I correspond with many people from all over the world on Ferrari matters and the main reason people get in touch with me is to seek advice when buying into the marque for the first time. One such person passed me some pictures of the service book that was presented to him when viewing an F430 recently. He instinctively knew that the records weren’t correct and it’s not hard to see why – the booklet was an old 3X8 service record from the 1980’s which had been crudely edited with a pen. This car is still on the market in the UK right now, quite how the vendor has the gumption to present a car like this I don’t know.
Now this alone wouldn’t be worthy of a post on my blog but shortly after this I came into the possession of a blank service book for a Ferrari 360. When I first saw it I assumed it was genuine however, once I had compared it to a booklet I knew to be real, it was apparent that it was counterfeit. It was a very good fake, but fake nonetheless.
Someone had gone to long lengths to produce this booklet. Firstly the quality, weight and feel of the materials were exactly like the OEM item. Even the binding was performed in the same way (fake book is on the top):
The tear-out change of ownership cards were even perforated:
However, there are a number of errors and mistakes that I will document here which will hopefully allow people to spot a counterfeit book in the future.
On the front cover the text was printed on a slope. The “r” in 360spider is 2mm closer to the bottom of the cover than the “3” in 360modena.
The red colour of the cover is very washed out when put next to a genuine book (see picture below). Also, on the rear of the cover, the fake book has the Ferrari website address as opposed to the Ferrari logo.
The sharpness of the text and images are also below par (I think that the scan of the genuine book used to copy was set at a low resolution). Here you can see the quality of the logo printed on the front cover is poor (click on the picture for a bigger copy).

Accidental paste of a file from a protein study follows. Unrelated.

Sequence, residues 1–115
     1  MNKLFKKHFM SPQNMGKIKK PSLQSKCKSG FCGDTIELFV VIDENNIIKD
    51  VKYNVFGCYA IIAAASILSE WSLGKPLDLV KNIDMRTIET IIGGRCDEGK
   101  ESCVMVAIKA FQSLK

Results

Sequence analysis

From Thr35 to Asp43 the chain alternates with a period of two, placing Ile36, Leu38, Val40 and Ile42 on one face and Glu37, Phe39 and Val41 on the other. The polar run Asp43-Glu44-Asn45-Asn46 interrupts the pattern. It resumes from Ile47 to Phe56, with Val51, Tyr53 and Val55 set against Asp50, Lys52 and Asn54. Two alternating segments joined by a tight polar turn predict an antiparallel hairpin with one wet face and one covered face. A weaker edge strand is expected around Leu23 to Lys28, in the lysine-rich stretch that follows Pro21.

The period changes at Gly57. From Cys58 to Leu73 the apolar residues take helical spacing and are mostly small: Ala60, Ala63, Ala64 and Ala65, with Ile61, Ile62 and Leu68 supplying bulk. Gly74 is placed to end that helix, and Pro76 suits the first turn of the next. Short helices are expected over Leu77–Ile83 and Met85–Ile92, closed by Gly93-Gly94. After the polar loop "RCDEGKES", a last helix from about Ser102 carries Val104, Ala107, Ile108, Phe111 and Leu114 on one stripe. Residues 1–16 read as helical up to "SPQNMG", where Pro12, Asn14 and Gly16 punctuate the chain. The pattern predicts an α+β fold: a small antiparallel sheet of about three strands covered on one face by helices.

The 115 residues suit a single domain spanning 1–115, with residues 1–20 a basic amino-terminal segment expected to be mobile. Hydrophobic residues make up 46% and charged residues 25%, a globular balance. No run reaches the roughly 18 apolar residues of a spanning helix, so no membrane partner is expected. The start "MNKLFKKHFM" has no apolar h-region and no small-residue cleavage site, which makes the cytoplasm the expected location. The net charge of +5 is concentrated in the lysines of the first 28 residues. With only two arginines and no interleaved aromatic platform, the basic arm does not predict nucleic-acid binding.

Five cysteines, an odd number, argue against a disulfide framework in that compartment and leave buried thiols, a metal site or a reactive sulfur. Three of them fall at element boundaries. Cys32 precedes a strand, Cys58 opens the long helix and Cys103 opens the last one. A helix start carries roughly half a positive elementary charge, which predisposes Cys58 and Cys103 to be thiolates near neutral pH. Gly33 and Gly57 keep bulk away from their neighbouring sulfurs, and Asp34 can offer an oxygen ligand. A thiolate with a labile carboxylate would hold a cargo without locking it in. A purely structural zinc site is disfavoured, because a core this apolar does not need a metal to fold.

Bizarrely, the fake had “FERRARI” embossed on the inside cover. This has not been present on any of the books I have looked at however, it may be a feature of books supplied with late models.
The Warranty Card page was missing the sticker that contains the VIN and engine number. If you are looking at a service book that doesn’t have a sticker that looks like the one in the picture below then be very suspicious. Even the official duplicate books have this sticker in them.
The two pages immediately after the Warranty Card should be missing from the book. These pages are actually copies of the Warranty Card – the factory retains one and the supplying dealer the other. This fake had two tear out blank pages but the perforations were in the wrong place. They were buried in the spine whereas there should be a small slivers of paper left behind when the pages are removed (as seen in the upper book in this photo).
The sharpness of the printed text is also poor. The best way to spot this is to look at the straight lines – they should be razor sharp, not saw-toothed (click on the picture to view in large size).
Another example of the poor print, this time the logo inside the back cover is shown next to the real deal on left (click for large size).
Finally, the logos on the service coupons were a little too large (and the sharpness was awful).
I don’t think that there are many 360’s out there with a fake service history but it is definitely worth looking at the documents presented with a car carefully, especially if there are not any invoices to supplement the stamps in the book.
Another thing worth pointing out is that the distances traveled in every gear are logged in the TCU of F1 equipped cars. If you are buying a car with an F1 gearbox then ask the person performing your PPI to verify the mileage with their SD2/3 diagnostics machine.
Alan kindly sent me some pictures of his North American service book that was supplied with his 1999 360. As you can see the colour is a very deep red.
Here you can see that the inside of his cover is embossed:
The service coupons have got stickers laid over the original km/miles intervals:
Finally, the change of ownership coupons are very different. The Euro books have two on one page whereas the Federal ones have only one:
Other posts in this category: Buying and Selling
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